After a pair of key milestones this year, a startup working on a new way to treat cancer is opening an office in Baltimore city.
ImmuCision BioTherapeutics is taking office and lab space in the space at the University of Maryland BioPark at 801 Baltimore St.
The startup’s technology was invented by Hua Cheng, who is faculty member at the university. It’s taking a new approach in the fledgling area of immunotherapy, which harnesses that body’s own immune system to treat cancer.
ICBT’s work is focused on dendritic cells, which Cheng described as a “regulator” of the immune system. The founder sees the cells as a potential catalyst to create immune cells that could be used to treat types of cancer that are not addressed by chemotherapy or other existing treatments.
“ImmuCision has developed an innovative method that can significantly improve the growth (and quality) of dendritic cells in the lab,” Cheng said in a statement. “In addition, the newly developed method allows efficient genetic modification to enhance dendritic cell function.”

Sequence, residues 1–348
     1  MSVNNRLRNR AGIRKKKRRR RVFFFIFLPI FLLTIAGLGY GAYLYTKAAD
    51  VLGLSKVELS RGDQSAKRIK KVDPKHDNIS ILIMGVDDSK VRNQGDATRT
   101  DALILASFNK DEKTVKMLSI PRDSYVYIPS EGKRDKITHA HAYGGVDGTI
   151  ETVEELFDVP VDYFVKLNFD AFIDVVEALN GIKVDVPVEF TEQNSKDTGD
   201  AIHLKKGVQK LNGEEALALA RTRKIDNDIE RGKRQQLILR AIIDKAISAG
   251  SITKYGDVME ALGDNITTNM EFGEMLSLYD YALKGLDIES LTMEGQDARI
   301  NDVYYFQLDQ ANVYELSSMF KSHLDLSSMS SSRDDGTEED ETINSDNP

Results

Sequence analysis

It’s the latest in a year that’s brought a flurry of activity for the company. Launched in 2017, the startup secured a licensing deal with UMB through UM Ventures. Earlier this year, it received $2 million as part of a sublicensing deal with a pharmaceutical firm in China. ICBT declined to disclose the name. In May, a study published in Proceedings of the National Academy of Sciences showed promising results in animal models. In terms of IP, an application is out for an international patent.
The trajectory has the attention of university tech transfer leaders.
“With ImmuCision, the BioPark has added another important healthcare startup to its innovative tenant base,” UM Ventures Director Jim Hughes said in a statement. “We are excited that the company has received validation through a peer-reviewed publication and an external investment.”
ICBT is one of a half-dozen therapeutics companies currently operating in the biomedical research park on the west side of Martin Luther King, Jr. Blvd. Earlier this year, biotech manufacturing firm Paragon Bioservices also announced plans to expand its existing space within the same building. The latest expansions come after a pair of departures by firms who moved to the counties in 2017. By the end of last year, the BioPark also expanded with the opening of the GRID innovation hub at the nearby Lion Brothers Building.
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